Saturday, July 6, 2013

Milkweed, Common

Milkweed, Common

 Opening flowers. 

You may be surprised to know there are many kinds of Milkweed, but this post is on the Common Milkweed.  If you are unfamiliar, you will want to learn how to identify them. 
I was skeptical about these at first but was pleasantly surprised.  How can a plant with that yucky, white, sticky,  latex-like stuff inside taste good?  They do!  For me though, this will mostly stay a survival food or rare treat as Monarch butterflies use them for nurseries and food, so I personally don't want to take that away from them if not necessary.  If you find a large patch, it's fine to take some.  Of course, no matter what you are harvesting, you don't want to deplete the whole plant source. 

Milkweed Shoots

Small tender shoots, up to about 8 inches tall, and young leaves are tasty.  Later in the season, the top few inches are still tender until the plant gets a couple feet tall.  These can be boiled, steamed, fried. 

Flower Buds

The flower buds, before the flowers open, can be eaten raw, boiled, or battered.  They can be added to soups, stir-fry, casseroles, etc.  They can be used in many different recipes.  I boiled some (and then topped it with butter and salt) and battered some.  When I try something new, I like to try it on its own first.  :)

 Flower buds

I used the recipe that I used in the fried Dandelion post: 1 cup of milk, 1 egg, 1 cup of flour, 1/2 tsp salt.  I would have liked the battered ones better if I had flattened them out a bit more and fried them more crispy, but they were still good.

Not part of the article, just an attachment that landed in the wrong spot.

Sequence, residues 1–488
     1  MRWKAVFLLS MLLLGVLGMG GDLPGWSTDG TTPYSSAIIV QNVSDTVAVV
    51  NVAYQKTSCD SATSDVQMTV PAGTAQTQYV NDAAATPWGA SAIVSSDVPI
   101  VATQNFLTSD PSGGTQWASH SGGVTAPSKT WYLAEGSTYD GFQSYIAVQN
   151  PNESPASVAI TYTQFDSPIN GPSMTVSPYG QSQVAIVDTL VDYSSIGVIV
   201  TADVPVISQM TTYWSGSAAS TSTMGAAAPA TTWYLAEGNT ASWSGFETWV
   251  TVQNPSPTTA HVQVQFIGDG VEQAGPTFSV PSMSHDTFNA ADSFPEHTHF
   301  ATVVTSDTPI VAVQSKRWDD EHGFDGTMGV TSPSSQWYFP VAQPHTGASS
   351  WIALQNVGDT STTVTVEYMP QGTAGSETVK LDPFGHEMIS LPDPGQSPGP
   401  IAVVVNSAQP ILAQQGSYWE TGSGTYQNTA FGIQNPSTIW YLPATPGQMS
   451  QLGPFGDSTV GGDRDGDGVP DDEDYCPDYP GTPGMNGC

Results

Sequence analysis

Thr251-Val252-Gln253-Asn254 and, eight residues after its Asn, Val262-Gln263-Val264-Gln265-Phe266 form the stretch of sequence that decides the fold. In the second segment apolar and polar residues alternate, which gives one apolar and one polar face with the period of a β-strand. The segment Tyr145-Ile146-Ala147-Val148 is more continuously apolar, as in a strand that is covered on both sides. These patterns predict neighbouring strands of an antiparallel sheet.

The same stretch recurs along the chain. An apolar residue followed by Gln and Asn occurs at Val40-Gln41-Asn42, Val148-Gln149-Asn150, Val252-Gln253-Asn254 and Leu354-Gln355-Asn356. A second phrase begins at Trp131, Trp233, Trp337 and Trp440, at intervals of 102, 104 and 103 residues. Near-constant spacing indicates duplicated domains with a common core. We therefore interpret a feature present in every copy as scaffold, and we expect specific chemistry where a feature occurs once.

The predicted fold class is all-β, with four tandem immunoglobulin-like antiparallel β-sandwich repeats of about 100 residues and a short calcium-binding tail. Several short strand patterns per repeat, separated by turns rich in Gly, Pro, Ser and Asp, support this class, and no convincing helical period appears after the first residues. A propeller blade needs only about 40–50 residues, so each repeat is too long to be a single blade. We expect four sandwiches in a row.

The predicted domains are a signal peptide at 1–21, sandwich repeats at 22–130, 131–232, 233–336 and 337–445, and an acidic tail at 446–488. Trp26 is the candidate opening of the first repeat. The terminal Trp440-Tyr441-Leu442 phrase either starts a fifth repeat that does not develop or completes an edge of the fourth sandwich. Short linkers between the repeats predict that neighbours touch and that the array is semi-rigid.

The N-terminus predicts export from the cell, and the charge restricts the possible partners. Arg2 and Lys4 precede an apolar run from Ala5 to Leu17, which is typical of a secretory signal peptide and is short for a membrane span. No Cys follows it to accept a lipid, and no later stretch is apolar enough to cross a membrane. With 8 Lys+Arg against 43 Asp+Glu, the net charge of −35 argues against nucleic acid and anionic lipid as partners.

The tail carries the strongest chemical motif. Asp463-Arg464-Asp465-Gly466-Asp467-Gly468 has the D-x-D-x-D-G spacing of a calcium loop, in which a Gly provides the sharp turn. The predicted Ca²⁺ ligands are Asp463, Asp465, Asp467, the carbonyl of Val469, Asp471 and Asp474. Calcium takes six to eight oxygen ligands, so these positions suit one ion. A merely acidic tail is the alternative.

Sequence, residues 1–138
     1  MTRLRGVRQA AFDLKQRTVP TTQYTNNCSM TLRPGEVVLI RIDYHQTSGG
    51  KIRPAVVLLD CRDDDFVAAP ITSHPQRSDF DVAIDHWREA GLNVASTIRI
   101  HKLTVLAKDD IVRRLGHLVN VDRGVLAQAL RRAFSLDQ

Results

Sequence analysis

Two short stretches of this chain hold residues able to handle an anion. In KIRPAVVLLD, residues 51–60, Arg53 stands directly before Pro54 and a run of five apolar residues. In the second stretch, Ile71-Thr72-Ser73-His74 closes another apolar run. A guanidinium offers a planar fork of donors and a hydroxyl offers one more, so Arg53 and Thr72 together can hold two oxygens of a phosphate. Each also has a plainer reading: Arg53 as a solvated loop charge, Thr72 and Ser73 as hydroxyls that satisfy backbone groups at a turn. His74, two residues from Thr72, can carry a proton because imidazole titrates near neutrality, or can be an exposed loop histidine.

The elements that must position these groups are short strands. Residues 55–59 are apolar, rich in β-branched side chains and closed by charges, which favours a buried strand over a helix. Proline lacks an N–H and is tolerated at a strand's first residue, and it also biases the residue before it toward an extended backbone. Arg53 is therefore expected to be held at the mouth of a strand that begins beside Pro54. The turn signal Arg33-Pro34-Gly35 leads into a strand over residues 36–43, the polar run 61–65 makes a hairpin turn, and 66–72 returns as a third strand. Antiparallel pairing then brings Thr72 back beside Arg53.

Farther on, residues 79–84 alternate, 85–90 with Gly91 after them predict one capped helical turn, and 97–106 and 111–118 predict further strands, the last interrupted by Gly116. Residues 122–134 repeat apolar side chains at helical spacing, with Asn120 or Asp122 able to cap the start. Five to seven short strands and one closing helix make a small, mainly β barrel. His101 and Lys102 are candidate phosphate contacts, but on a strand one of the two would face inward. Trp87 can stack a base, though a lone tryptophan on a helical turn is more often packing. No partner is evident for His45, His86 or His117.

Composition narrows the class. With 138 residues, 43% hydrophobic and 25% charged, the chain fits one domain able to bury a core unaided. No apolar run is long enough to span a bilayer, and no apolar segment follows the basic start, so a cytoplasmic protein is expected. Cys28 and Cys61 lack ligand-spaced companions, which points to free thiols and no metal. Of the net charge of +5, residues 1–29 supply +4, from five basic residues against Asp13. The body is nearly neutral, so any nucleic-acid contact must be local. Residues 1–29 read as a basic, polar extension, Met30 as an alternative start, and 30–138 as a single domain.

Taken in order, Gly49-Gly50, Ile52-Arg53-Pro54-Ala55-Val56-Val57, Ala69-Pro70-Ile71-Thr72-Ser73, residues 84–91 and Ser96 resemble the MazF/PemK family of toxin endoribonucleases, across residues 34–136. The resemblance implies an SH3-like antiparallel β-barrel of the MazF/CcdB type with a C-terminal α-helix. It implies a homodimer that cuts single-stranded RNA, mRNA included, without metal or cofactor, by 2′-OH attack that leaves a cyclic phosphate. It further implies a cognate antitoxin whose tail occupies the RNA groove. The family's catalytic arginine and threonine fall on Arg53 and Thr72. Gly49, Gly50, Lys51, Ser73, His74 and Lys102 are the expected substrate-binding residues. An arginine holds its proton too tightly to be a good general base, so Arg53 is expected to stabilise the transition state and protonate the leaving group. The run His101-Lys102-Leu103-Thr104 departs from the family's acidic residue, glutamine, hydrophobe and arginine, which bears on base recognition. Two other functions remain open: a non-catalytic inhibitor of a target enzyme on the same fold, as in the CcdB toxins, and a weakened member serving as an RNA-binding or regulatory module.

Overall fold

Boiled flower buds, top of plate, and battered ones. 

I found this web site about making Milkweed Capers from flower buds.  (click here)

Milkweed Pods

A few of these were a little big and tough, but 
most of these were nice and tender when cooked. 

Reminds me of a fish inside.  Looks like scales.  :)
Nice and white and soft inside.

Immature seed pods are edible.  When they get bigger, they get tough.  The best ones are under 3 inches or so.  You can boil them until tender or fry them in a little butter or oil.  I tried them both ways.  The boiled ones were pretty good, but I didn't like them sauteed in butter so much; and I normally love things prepared like that.  I still prefer young Milkweed greens to the pods.  When picking the pods, if the insides look dry, they are too old.  They should be soft and white with no brown.  The whole pod is edible, including the silk and seeds.  Some people boil them for a few minutes and then stuff them with other things.  Some say they taste like asparagus or okra.  I'm not sure how to describe the taste.  You will have to try them for yourself.  :)  The silk can be boiled with rice and is said to look like mozzarella cheese in the rice.

When I first try something new, I like to try them plain to
really get a good idea of the taste.  I think these would be 
very good in recipes.  These were boiled/steamed.

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